Pluto New Horizons

Pluto

Pluto is a tiny world near the edge of our Solar System.

Our world was excited at its discovery and it spent over 70 years in the planetary family.

But time diminished Pluto.

It was resized and reclassified and is now just one of many dwarf planets.

Then it came back to prominence with the visit of a robot spacecraft.

 

Finding Pluto

Pluto was discovered in 1930 but the search began years before.

Finding Pluto was a difficult task, it was so far away.

In 1894, rich businessman Percival Lowell founded an observatory near Flagstaff, Arizona.

Lowell observatory

Blog author Dennis Ashton at Lowell Observatory, Az.

Photo: Dennis Ashton

 

Lowell became fascinated with the idea of an another planet beyond Neptune which became known as ‘Planet X’.

Lowell devoted his observatory to finding this new world. Sadly, he died in 1916 without finding it.

The search was resumed in 1929 and the task of finding Planet X was given to a young observer.

Clyde Tombaugh was just 23 years old when he joined Lowell Observatory.

He began a planned photographic search for the new planet.

After just one year, on February 18th, 1930, he found Planet X.

Lowell Observatory

Dennis looking through a telescope at Lowell observatory.

Photo: Dennis Ashton

 

Tombaugh used a blink comparator, an instrument that let him compare two photos of the same area of sky.

He looked for any ‘star’ which had changed position.

On February 18th, 1930, he found one. It was ‘Planet X’.

Clyde Tombaugh           Blink Comparator

         Clyde Tombaugh and the blink comparator                                                               Dennis at the blink comparator

Pluto discovery

Discovery frames, Pluto marked with an arrow

      Photo: Lowell Observatory

Naming Planet X

The next search was for a suitable name for the new world.

Astronomers made several suggestions but none gained universal favour.

Then an 11-year old girl in Cambridge, England came up with the ideal solution.

Venetia Burney suggested the name to her grandfather who passed it on to friends and eventually to Lowell Observatory.

Staff at the observatory voted unanimously for Venetia’s idea and she was awarded the grand sum of £5!

It was a perfect name not only because of it was the god of the underworld but it also began with the initials of Percival Lowell.

In May, 1930, Pluto was pronounced the the ninth planet in our Solar System..

The name was adopted by the Walt Disney studios when Pluto the dog joined Mickey Mouse.

Then in 1941 a newly made element was named plutonium.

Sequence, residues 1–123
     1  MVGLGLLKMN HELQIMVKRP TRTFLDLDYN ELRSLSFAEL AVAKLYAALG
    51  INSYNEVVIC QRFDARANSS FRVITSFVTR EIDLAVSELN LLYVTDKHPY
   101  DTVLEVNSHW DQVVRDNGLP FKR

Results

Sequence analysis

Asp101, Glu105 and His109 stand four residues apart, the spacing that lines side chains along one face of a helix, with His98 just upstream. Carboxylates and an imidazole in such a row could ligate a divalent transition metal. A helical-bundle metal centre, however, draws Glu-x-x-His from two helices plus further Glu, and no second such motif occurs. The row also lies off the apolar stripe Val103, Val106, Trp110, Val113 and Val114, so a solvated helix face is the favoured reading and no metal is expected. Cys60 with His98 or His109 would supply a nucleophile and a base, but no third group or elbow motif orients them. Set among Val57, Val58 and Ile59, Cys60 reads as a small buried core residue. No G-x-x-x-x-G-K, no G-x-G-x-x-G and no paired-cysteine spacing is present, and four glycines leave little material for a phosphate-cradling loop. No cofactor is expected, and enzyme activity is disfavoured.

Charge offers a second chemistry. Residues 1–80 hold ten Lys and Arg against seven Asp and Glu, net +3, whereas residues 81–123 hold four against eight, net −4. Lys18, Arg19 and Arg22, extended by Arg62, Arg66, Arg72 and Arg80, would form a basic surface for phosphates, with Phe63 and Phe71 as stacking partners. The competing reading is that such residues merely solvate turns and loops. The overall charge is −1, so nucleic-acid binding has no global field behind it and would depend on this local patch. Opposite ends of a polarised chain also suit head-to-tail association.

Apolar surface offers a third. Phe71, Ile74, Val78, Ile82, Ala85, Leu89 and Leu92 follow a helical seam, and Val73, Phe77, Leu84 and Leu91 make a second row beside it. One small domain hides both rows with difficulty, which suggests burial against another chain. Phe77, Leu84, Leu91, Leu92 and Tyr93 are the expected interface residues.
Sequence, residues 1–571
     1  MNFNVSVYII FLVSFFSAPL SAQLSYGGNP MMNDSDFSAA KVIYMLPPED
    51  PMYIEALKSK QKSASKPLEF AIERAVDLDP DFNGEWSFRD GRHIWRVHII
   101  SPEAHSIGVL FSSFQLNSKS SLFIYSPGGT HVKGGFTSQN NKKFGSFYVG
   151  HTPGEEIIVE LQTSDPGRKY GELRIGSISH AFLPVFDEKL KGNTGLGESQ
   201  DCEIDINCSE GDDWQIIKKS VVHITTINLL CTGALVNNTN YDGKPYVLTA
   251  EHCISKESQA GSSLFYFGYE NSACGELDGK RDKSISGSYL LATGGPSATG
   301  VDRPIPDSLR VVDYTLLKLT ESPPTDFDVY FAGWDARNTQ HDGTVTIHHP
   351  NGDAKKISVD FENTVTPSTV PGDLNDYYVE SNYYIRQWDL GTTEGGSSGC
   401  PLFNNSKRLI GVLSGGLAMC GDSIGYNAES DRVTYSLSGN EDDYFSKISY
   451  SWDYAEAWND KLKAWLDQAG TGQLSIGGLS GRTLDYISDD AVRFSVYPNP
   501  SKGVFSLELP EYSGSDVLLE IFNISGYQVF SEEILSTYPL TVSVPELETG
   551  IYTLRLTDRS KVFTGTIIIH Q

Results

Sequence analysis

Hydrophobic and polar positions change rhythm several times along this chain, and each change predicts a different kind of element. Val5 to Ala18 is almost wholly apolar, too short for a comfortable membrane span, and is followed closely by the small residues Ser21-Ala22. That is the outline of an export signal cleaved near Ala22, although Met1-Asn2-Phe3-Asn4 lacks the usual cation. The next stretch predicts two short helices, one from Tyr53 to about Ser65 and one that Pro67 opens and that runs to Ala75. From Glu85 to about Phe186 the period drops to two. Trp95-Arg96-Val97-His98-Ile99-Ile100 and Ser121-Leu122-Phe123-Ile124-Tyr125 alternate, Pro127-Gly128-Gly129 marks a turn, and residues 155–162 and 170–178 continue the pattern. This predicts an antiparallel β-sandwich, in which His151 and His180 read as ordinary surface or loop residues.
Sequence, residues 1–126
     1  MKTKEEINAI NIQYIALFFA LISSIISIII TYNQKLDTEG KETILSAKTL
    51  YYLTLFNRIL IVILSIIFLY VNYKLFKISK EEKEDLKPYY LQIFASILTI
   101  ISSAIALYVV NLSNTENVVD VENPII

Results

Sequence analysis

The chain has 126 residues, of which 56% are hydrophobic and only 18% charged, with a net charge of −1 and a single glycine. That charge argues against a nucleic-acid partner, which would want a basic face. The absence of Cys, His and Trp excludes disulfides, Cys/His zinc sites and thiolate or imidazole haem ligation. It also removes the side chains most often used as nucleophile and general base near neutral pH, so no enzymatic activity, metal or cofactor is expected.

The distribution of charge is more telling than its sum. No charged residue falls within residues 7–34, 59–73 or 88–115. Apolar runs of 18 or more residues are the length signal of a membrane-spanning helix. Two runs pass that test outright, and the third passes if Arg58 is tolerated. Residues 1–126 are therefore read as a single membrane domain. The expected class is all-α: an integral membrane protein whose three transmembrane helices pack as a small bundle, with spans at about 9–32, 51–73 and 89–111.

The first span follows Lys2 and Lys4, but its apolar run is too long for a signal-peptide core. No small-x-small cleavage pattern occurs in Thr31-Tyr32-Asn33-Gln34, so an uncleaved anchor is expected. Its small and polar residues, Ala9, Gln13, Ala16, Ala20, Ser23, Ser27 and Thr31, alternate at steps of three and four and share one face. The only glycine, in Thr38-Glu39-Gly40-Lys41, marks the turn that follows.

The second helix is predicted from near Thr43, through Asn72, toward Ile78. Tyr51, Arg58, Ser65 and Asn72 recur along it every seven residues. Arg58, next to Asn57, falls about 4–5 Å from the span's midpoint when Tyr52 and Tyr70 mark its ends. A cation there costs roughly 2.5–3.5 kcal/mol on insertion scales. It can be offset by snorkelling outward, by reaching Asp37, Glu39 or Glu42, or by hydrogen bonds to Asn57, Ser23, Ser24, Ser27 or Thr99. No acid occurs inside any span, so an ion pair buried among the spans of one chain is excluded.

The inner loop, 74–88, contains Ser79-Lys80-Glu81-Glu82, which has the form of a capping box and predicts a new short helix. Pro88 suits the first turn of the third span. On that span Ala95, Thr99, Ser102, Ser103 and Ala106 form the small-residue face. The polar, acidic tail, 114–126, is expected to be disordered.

Pluto Statistics

Average distance from Sun: 5.9 billion km

Nearest distance to Sun: 4.4 billion km

Farthest distance from Sun: 7.4 billion km

Diameter: 2,376 km

Orbital period (year): 248 years

Rotation period (day): 6 days, 9 hours

Temperature: minus 230 C

Pluto’s demotion

When Pluto was discovered, it was thought to be the size of the Earth.

But it’s size was revised downwards over the years.

It is smaller than our Moon and weighs in at only 0.2% the mass of earth.

In the 1990s, more objects were found orbiting in the same area as Pluto, the Kuiper Belt.

In 2006, the International Astronomy Union redefined a planet.

Regular planets should be spherical, orbit the Sun and have cleared their orbit of debris.

Pluto failed the last criterion and was demoted to a Dwarf Planet.

The IAU recognises several dwarf planets in the Kuiper Belt including Eris, Haumea, Sedna, Makemake , Quaoar and Varuna.

Pluto’s New Horizons

In July, 2015, Pluto was back in the news when the New Horizons space probe flew by the tiny world.

Launched in 2006, NASA’s probe took over 8 years to reach Pluto.

It flew by at 84,000 km/h (52,000 mph) just 12,500 km (7,800 mi) above the surface.

Even the most powerful telescopes on Earth show Pluto as a mere speck of light.

New Horizons images revealed Pluto for the first time.

Pluto New Horizons

Photo: NASA/JHUAPL/SwRI

New Horizons data shows that Pluto is an amazing little world.

The heart shaped region, was named Tombaugh Regio.

Its left side, named Sputnik Planita, is a nitrogen-ice glacier.

Venetia Burney, who died in 2016, is remembered by a nearby crater.

Pluto mountains

Photo: NASA/JHUAPL/SwRI

Close up images showed mountains made of solid water-ice and a hazy atmosphere.

There may be liquid water underneath the sea of ice.

 

Just as fascinating as the images of the dwarf planet were the close-ups of its largest moon, Charon.

They show a huge canyon, 1600 km long, stretching across the face of Charon.

The brown colouration at the pole maybe material blown from Pluto itself.

Charon

Pluto’s moon Charon

Photo: NASA/JHUAPL/SwRI

Pluto Trivia

Pluto’s eccentric orbit sometimes carries it inside the orbit of Neptune.

It spins the opposite way to most planets so the Sun rises in the west and sets in the east.

Pluto is smaller than several moons of other planets, including our Moon.

It has five moons: Charon, Hydra, Nix, Kerboros and Styx.

Clyde Tombaugh died in 1997. The New Horizons space craft carried his ashes to Pluto.

Officially, Pluto’s name is now asteroid number 134340.

Sunlight takes around 5 hours to reach Pluto.

The sky is so dark that anyone there would be able to see stars during the day.

 

 

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The author: Dennis Ashton is a Fellow of the Royal Astronomical Society and a Wonderdome presenter.

 

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